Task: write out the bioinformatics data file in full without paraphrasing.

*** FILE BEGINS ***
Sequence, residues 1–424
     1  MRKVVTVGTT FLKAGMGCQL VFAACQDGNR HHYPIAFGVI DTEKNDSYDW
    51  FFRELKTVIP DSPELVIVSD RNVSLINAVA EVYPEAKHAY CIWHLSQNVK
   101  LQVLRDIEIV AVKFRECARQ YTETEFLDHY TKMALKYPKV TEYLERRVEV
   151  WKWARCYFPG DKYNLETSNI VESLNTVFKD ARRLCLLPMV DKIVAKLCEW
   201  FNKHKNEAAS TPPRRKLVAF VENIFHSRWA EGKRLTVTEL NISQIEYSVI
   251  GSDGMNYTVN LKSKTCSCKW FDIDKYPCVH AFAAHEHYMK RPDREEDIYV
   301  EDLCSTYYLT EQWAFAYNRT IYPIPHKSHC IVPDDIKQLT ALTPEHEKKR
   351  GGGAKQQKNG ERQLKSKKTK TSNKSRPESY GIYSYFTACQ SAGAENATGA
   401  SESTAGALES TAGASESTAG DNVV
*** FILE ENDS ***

Sequence, residues 1–424
     1  MRKVVTVGTT FLKAGMGCQL VFAACQDGNR HHYPIAFGVI DTEKNDSYDW
    51  FFRELKTVIP DSPELVIVSD RNVSLINAVA EVYPEAKHAY CIWHLSQNVK
   101  LQVLRDIEIV AVKFRECARQ YTETEFLDHY TKMALKYPKV TEYLERRVEV
   151  WKWARCYFPG DKYNLETSNI VESLNTVFKD ARRLCLLPMV DKIVAKLCEW
   201  FNKHKNEAAS TPPRRKLVAF VENIFHSRWA EGKRLTVTEL NISQIEYSVI
   251  GSDGMNYTVN LKSKTCSCKW FDIDKYPCVH AFAAHEHYMK RPDREEDIYV
   301  EDLCSTYYLT EQWAFAYNRT IYPIPHKSHC IVPDDIKQLT ALTPEHEKKR
   351  GGGAKQQKNG ERQLKSKKTK TSNKSRPESY GIYSYFTACQ SAGAENATGA
   401  SESTAGALES TAGASESTAG DNVV